Examples of effective Socratic questions include:
- What is the evidence for this thought?
- Could I be making any assumptions here?
- Is this thought based on an emotional reaction or the evidence in front of me?
To illustrate the effectiveness of Socratic questioning, let’s return to the example of Haylee in the bar.
In this situation, Haylee might catch herself having doubts about her appearance and begin reflecting on them critically. For instance, she might pause to ask herself whether her judgments about her appearance are really accurate. In doing so, she might consider the evidence for and against and recall her friends telling her how nice she looks.
She might also stop to consider whether she is making preconceived assumptions about the man’s preferences, what his impression of her will be, or whether his opinion of her is even that important.
Turning to Tom and his report, he might pause to ask whether there is really any evidence that he is underperforming at this job and produced poor work or whether this is an assumption based on an emotional reaction.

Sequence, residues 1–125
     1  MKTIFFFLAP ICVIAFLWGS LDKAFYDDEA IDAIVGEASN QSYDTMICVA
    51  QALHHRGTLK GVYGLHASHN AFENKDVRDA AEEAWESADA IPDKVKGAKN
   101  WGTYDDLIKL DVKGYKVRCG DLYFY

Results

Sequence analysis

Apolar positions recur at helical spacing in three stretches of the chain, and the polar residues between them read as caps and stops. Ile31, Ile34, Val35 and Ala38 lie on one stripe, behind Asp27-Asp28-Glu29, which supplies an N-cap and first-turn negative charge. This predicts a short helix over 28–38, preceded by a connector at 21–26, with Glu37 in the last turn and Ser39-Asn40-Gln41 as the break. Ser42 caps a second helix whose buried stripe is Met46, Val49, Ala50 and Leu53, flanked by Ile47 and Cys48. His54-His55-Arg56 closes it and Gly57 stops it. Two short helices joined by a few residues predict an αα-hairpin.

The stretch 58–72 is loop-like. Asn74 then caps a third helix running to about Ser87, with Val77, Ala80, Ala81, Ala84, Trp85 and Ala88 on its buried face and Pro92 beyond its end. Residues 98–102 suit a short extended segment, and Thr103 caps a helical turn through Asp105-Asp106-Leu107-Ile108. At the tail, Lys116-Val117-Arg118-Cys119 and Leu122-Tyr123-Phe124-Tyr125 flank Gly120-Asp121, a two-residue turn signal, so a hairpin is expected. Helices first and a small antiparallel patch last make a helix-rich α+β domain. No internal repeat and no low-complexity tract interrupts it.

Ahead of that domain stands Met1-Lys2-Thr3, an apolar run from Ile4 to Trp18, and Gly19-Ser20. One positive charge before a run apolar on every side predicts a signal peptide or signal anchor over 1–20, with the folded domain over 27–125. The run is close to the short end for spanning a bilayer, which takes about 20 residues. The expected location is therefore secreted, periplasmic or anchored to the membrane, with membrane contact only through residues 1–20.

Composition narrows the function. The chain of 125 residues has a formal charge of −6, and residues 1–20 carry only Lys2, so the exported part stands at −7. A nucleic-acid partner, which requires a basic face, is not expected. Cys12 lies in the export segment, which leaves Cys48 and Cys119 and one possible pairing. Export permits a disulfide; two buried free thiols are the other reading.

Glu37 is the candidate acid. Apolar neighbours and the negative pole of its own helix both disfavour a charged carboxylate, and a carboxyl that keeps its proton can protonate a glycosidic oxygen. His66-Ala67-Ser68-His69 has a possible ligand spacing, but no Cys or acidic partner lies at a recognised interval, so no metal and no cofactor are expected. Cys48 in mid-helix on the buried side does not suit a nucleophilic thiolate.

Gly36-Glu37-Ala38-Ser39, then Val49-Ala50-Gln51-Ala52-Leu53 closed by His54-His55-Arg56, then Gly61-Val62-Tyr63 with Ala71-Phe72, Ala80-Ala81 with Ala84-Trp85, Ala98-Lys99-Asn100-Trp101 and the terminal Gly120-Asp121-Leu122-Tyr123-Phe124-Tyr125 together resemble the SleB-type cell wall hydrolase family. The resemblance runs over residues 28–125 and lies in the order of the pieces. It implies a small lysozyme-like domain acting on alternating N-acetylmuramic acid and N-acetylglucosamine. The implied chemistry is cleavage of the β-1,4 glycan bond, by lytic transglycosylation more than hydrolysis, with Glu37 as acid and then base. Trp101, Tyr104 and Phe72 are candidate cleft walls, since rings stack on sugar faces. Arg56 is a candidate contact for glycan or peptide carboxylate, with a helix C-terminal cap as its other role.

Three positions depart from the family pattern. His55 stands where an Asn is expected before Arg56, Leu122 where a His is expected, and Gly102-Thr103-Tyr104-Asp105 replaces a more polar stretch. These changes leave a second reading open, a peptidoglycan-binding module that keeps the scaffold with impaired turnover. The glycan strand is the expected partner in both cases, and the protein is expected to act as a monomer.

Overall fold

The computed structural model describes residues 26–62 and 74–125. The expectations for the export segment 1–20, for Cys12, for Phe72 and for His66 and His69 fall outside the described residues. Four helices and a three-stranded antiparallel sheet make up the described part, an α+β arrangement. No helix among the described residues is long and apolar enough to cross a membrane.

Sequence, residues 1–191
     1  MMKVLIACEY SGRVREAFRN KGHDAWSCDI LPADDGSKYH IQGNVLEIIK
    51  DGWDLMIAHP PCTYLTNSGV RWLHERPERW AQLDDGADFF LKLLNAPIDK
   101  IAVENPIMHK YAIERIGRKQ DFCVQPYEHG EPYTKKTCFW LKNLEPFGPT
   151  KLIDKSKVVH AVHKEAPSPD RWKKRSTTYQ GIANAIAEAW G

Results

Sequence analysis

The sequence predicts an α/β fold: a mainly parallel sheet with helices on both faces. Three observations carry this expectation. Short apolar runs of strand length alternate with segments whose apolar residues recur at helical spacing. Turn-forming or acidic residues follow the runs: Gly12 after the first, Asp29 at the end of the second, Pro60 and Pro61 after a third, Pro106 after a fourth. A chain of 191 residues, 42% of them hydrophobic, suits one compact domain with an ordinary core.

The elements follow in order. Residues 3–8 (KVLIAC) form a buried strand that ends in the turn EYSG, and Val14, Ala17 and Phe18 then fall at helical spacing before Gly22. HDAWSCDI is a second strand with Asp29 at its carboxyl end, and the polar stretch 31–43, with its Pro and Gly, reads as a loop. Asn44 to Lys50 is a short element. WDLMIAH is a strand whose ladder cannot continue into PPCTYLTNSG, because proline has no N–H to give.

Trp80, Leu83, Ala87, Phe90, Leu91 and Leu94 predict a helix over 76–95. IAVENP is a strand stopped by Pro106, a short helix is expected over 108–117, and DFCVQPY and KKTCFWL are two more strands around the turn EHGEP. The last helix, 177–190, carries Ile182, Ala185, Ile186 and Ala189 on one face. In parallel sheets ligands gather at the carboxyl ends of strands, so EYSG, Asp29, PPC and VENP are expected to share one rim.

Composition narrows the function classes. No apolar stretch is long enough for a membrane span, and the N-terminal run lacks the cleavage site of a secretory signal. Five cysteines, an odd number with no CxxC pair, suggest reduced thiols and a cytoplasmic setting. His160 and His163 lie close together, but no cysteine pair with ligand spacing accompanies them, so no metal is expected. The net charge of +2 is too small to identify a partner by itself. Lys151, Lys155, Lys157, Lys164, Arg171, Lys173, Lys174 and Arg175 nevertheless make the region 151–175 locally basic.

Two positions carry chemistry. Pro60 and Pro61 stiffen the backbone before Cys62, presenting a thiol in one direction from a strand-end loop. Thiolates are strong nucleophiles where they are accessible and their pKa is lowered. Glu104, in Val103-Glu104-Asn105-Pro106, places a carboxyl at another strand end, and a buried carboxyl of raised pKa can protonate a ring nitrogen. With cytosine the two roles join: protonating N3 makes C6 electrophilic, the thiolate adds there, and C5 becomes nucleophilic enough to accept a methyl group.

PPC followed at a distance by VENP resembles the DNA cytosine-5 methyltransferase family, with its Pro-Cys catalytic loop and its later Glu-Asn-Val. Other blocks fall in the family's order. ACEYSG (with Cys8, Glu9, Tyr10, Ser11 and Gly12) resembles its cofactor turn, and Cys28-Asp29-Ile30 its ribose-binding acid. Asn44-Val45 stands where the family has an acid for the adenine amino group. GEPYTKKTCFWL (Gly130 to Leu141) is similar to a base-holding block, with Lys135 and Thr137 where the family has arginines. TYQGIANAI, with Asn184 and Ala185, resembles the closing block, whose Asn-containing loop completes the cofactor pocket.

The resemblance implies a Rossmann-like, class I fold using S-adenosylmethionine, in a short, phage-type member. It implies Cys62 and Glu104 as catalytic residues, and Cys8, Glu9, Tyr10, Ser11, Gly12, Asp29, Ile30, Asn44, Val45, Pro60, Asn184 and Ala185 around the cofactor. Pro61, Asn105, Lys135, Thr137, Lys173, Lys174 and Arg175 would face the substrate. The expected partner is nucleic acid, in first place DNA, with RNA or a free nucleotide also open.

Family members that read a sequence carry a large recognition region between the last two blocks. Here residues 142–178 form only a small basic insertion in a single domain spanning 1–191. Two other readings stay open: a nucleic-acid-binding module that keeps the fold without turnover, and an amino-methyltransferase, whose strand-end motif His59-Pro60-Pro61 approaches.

Most CBT therapists will be skilled at Socratic questioning and can teach this technique to their clients struggling with false or self-limiting beliefs.
Schema Therapy for False or Self-Limiting Beliefs
When false or self-limiting beliefs are deep and difficult to change, clients may benefit from undergoing schema therapy.
Schema therapy works to address early maladaptive schemas, which are defined as stable and enduring themes that develop during childhood and/or adolescence and are elaborated throughout one’s lifetime (Schema Therapy Institute Australia, 2016).
These schemas are considered even more ingrained than the cognitive distortions treated with CBT, as they are deep, unconditional beliefs about oneself and relationship to others and the environment. Given how enduring schemas are, this form of therapy tends to be medium- to long-term in duration (Schema Therapy Institute Australia, 2016).
As noted in our discussion of Type B beliefs, deeply ingrained ideas about our self-esteem and self-image may be responsible for false or self-limiting beliefs in specific situations. Therefore, schema therapy helps clients to access and revise these deeply held schemas.
Examples of such schemas include (Young & Brown, 2005):
Subjugation — the belief that you must submit to others’ control or else risk punishment.
Punitiveness — the belief that you and others should be punished harshly for their mistakes.